Rosie and Snafu.
                     

                Rosie and Snafu. meal stories
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Short snippet of a woman and her cat

Rosie and Snafu.

Rosie Lee was the sort of woman who, had she been born in another era, could have quite easily been called a witch. She had all the necessary qualities; long and wild hair, a mole just above her left ear, an unusual laugh, and a propensity to dress from head to toe in all black - a habit she never quite shook from her gothic youth. Rosie also had a black cat to match her fashion sense, and he was called Snafu. He was a rescue,

and like his owner, had been abandoned by the world. Together, they forged an unbreakable bond of wit and mischief that held through every adversity. In the great flood of '--, they had shared the arms of a rather dashing young fireman, when Kitt walked out on Rosie, Snafu gave him a great bite on his ankle, in every storm, they would snuggle up together and watch the lightning crack the sky open,

and when Rosie was thrown out of her home, Snafu stayed by her and keep her warm. The pair would share everything, right down to a plate of beans on toast. By the time Snafu had lived with Rosie for twelve years, both of them had passed the nadir of life. Arthritis was paining the cat's knees as much as the woman's, and although their minds were as sharp as

ever, their senses had begun to dull. If anyone had been there with them, it would have been quite amusing to hear Rosie yell about the house for Snafu, while he would trot in the other direction, yelling for her. Neither would be any the wiser that they were being sought until eventually, they ran into each other. Sometimes they would laze in their old favourite chair with a biscuit, the cat wrapped about Rosie's boney

shoulders, purring contentedly. More often, however, the pair could be found in the garden. Aside from her cat (and her heavy metal collection), Rosie's garden was her pride and joy. Whatever the weather, she would tramp outside with a mug of tea and a trowel, and spend a few happy hours weeding and sowing, and doing whatever else was necessary to keep her little Eden perfect.

Being Rosie, however, her version of perfect was far from pristine. The lawn (what little there was of it) was not perfectly manicured, and the compost heap was used as a nest for slow worms. Up to a few seasons ago, Snafu would hunt the unfortunate lizards for sport, but now he was content to leave them at peace. The tinned cat food required far less skill to sneak up on, and the rewards were far tastier.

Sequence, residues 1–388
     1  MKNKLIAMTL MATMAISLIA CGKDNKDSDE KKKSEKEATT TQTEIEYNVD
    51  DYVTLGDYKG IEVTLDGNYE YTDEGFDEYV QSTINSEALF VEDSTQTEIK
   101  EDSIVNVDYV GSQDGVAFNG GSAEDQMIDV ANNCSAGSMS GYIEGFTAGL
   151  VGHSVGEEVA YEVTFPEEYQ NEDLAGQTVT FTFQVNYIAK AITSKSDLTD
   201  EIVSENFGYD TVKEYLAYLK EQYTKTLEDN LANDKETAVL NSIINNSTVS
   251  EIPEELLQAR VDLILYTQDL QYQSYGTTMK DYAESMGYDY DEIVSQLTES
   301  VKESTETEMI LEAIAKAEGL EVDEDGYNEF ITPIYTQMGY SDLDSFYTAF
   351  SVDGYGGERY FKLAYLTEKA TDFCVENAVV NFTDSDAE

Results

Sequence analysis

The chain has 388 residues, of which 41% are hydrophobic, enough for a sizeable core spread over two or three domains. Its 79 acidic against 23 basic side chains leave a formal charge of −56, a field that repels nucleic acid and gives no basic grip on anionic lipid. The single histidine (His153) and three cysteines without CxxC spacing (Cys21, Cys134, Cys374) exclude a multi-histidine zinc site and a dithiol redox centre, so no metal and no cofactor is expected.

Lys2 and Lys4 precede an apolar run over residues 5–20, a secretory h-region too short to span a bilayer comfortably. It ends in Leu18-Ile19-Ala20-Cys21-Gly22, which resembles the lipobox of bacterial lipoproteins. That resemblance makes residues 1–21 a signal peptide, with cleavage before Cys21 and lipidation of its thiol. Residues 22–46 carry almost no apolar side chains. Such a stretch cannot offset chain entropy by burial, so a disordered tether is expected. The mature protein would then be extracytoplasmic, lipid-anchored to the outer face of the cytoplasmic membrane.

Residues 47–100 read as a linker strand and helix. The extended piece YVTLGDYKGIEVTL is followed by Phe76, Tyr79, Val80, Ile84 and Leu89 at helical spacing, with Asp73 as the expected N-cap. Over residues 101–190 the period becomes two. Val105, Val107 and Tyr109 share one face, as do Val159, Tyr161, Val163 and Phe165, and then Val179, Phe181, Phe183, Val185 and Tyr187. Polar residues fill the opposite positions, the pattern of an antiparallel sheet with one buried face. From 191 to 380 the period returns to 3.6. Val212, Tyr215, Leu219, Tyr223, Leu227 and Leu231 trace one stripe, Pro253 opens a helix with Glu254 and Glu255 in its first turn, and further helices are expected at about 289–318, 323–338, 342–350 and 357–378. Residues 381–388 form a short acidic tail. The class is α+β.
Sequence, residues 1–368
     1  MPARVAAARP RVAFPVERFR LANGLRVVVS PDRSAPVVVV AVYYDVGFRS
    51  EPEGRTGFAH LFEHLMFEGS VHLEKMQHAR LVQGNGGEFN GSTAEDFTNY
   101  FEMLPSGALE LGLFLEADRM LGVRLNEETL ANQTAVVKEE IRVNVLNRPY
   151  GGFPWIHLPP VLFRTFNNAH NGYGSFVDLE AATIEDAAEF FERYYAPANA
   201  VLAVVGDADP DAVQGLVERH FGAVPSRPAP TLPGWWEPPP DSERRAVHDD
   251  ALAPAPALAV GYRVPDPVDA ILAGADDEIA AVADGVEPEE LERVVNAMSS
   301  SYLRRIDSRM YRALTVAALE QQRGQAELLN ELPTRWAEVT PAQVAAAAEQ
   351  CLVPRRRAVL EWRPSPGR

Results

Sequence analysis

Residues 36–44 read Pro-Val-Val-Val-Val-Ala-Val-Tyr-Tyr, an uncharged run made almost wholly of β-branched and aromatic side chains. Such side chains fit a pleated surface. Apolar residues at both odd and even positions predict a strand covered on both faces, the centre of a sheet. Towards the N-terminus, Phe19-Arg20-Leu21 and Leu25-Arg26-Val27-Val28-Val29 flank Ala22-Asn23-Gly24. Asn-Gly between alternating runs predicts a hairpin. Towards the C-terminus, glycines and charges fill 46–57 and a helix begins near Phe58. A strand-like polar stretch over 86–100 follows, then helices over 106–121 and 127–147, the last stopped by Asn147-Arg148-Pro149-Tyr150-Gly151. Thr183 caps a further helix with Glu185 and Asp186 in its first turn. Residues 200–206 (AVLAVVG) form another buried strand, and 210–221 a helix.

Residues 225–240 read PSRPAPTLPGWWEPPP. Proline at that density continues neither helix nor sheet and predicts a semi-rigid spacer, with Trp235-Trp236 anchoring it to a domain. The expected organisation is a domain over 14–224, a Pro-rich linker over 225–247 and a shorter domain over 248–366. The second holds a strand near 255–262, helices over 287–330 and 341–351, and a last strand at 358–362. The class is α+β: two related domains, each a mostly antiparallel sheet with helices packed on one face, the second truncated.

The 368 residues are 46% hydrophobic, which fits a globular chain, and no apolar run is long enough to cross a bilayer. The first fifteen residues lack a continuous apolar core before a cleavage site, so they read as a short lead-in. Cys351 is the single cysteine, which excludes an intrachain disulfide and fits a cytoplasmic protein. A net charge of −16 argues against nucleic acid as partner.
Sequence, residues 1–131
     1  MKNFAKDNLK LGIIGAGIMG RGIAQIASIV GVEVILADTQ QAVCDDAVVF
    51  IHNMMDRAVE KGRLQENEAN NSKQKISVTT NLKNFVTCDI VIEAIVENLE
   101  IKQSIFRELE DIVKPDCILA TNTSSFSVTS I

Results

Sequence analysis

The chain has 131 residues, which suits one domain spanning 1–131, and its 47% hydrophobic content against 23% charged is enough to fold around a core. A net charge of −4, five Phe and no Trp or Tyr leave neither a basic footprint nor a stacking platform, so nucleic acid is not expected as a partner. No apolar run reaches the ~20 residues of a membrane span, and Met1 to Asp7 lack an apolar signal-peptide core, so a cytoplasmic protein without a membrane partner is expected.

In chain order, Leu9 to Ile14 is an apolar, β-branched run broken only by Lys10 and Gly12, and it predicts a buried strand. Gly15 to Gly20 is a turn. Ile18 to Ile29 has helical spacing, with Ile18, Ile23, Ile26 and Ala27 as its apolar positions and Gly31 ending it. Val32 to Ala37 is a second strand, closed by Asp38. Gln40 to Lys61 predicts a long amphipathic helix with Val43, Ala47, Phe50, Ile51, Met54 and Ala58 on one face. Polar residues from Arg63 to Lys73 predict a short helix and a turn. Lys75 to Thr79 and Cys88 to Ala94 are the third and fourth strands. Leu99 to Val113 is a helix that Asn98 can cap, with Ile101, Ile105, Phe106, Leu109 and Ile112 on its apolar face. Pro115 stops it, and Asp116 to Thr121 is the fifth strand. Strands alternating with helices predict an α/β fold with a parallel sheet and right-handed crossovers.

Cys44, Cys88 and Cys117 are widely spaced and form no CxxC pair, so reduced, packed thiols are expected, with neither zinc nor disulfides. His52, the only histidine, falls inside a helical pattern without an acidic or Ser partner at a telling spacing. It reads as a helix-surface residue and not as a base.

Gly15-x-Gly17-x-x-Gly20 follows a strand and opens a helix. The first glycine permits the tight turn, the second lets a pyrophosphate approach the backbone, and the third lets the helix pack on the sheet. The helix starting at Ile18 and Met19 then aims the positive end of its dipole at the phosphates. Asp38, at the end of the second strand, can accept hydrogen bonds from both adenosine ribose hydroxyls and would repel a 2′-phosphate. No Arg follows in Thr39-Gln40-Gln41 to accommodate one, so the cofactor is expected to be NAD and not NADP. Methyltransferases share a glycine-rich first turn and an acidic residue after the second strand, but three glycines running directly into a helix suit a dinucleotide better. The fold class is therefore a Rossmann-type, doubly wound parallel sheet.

The flower beds had long since lost their dividers, and various vines and creepers had sprawled out across the path. The apple tree was in sore need of a prune, and ivy had almost entirely covered the shed. But to Rosie, the garden was exactly as she wanted it - untamed but inviting, difficult but bountiful. Everything had its place, and not one leaf was left without a purpose.And it all smelt of fresh rain and honey.

There were vegetables, fruit bushes, herbs, and spices. In the back were nettles for nettle tea, and roses about the kitchen door to aid digestion. In pots were dill, strawberries, and catnip. Snafu always made sure that the latter of which was well attended. In the tiny greenhouse were a curry plant and a collection of chillies that Rosie had carefully grown from seed. With each plant, she hoped that they would be hot

enough to replace her store-bought pastes, but they never quite did the trick. One year, feeling particularly rebellious, the sprightly pensioner had grown two cannabis plants. After some testing and surreptitious searches in her local library, Rosie had perfected the art of cultivating, drying, and processing the buds. She found that the oil did wonders for her

arthritis (Snafu turned his nose up at such botanical treatment) but when smoked, she simply could not palate it like she used to, back in her more hedonistic days. At the ripe old age that she was, all it did was give her a headache. In the end, fearing her neighbours would report her to the constabulary - and she could not very well play the innocent old lady with her witchy looks - she dug up the plants. Wistfully, she piled

her harvest into her old wicker basket and walked down to the end of the garden, and left them atop the compost heap. That year, the slow worms had the most marvellous summer.

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